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MIAMI - The comparisons to Adam Dunn will be there, even if the commonalities between Adam LaRoche and the former Nationals slugger begin and end with their birthdates (LaRoche is three days older) and the slight twang each one has in his voice. It's natural for anyone who replaces someone - especially when the decision that went into the process was as polarizing as the one the Nationals made after last season.
Nationals fans, many of them still miffed about the team's decision to let Dunn walk in free agency, have sought to compare the two players as similar commodities. Some have taken the team's position that Dunn's defensive weaknesses made signing him to an expensive long-term deal a risky decision, while others have pointed to the loss in power the Nationals will likely sustain in the transition from Dunn to LaRoche, counting every run Dunn drives in for his new team, the Chicago White Sox, as new evidence that the team made the wrong choice.
The two players, though, couldn't be much different. The 6-foot-7 Dunn was hard to miss in the Nationals' clubhouse, whether he was arguing college football with his teammates or tossing barbs at them from halfway across the room. LaRoche is about the easiest 6-foot-3, 205-pound player to miss in baseball, quietly folding into his locker and talking only a couple levels above a whisper.
On the field, the differences are just as stark. Everything Dunn did - home runs, strikeouts, miscues at first base - was big. You noticed it, and had a reaction to it, one way or the other. LaRoche, a career .209 hitter in March and April, slips into most seasons unnoticed, and by sometime shortly after the All-Star break, he's somehow raised his numbers to a respectable level. He's agile around the bag at first, with soft hands that make him a serviceable, if not spectacular fielder.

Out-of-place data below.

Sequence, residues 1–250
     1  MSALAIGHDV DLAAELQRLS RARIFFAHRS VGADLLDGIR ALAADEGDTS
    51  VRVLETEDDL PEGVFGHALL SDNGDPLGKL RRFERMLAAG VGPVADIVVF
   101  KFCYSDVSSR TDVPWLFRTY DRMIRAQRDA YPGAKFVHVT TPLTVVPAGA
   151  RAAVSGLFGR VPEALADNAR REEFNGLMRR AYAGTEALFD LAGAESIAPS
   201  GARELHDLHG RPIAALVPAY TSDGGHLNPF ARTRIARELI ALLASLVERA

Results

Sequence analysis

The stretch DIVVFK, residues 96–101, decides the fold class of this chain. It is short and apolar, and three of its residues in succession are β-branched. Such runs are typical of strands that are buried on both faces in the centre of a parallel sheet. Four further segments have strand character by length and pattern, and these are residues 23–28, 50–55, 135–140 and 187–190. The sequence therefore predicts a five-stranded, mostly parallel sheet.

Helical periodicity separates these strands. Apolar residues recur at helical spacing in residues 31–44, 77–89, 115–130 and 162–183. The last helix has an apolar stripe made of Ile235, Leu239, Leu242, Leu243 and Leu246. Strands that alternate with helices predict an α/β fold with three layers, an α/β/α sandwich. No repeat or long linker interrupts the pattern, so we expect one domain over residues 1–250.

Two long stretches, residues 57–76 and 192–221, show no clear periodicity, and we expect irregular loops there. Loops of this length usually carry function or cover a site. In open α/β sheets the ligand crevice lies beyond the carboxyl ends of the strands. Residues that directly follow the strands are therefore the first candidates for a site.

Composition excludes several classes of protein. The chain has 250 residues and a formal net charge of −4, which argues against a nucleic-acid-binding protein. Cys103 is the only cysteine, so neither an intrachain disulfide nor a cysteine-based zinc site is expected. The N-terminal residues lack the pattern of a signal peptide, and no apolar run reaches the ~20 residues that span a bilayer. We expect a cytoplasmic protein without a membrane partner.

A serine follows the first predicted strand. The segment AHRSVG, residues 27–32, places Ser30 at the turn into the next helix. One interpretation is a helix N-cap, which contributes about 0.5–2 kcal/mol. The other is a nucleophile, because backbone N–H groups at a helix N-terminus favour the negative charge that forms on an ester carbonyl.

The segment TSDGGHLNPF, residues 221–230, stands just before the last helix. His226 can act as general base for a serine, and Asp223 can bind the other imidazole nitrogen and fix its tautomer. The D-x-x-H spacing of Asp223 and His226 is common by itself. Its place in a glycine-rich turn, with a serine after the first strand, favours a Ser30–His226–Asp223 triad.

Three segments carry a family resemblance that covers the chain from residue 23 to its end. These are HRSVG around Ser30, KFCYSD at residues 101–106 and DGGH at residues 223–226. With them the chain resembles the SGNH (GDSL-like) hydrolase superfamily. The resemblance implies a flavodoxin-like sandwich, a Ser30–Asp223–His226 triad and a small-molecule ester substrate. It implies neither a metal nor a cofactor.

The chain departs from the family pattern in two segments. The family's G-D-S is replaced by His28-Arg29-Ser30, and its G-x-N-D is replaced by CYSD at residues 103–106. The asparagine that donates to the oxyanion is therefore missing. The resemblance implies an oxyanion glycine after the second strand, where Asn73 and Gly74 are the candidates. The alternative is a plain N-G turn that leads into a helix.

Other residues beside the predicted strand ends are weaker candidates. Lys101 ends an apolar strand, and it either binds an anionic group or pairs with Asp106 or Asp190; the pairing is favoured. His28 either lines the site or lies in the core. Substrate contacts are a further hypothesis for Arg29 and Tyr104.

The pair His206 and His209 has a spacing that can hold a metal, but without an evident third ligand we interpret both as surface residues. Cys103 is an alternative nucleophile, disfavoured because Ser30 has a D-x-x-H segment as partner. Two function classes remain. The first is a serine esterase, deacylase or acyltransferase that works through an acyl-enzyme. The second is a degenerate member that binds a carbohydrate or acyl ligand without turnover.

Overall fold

Adam LaRoche talks with Debbi Taylor about his game-winning two-run HR in the 11th
LaRoche was hitting .158 before yesterday, and was 0-for-4 in the game before the shot, having seen a couple hard-hit balls turn into outs. But he pulled a slider from Edwin Mujica to put the Nationals ahead for good.
"He's just such a pro. He doesn't get flustered," manager Jim Riggleman said. "He just kept getting good at-bats, and he connected."
The Nationals' decision to replace Dunn with LaRoche wasn't so much one player for another as it was one philosophy for another; the team was moving toward an emphasis on speed and defense, and was wary of paying for Dunn's homers knowing there was no designated hitter spot to stash him. LaRoche represented a modest alternative, a sound defensive player who would come cheaper because his power numbers weren't in Dunn's class.
LaRoche, though, has hit 99 homers in the last four seasons; he's not Dunn, but he's not a hindrance on offense either.
"The numbers speak for themselves," oufielder Jayson Werth said. "(He's a) great defender, a good guy, he's positive, he's fun to be around."
He's also not Adam Dunn. But then, he's not trying to be.
"I'm not necessarily replacing anybody," he said. "I think the Nationals signed me for me. They signed Jayson for Jayson. We didn't come over here to step outside our comfort zone and be somebody we are not. That could lead to a pretty miserable summer."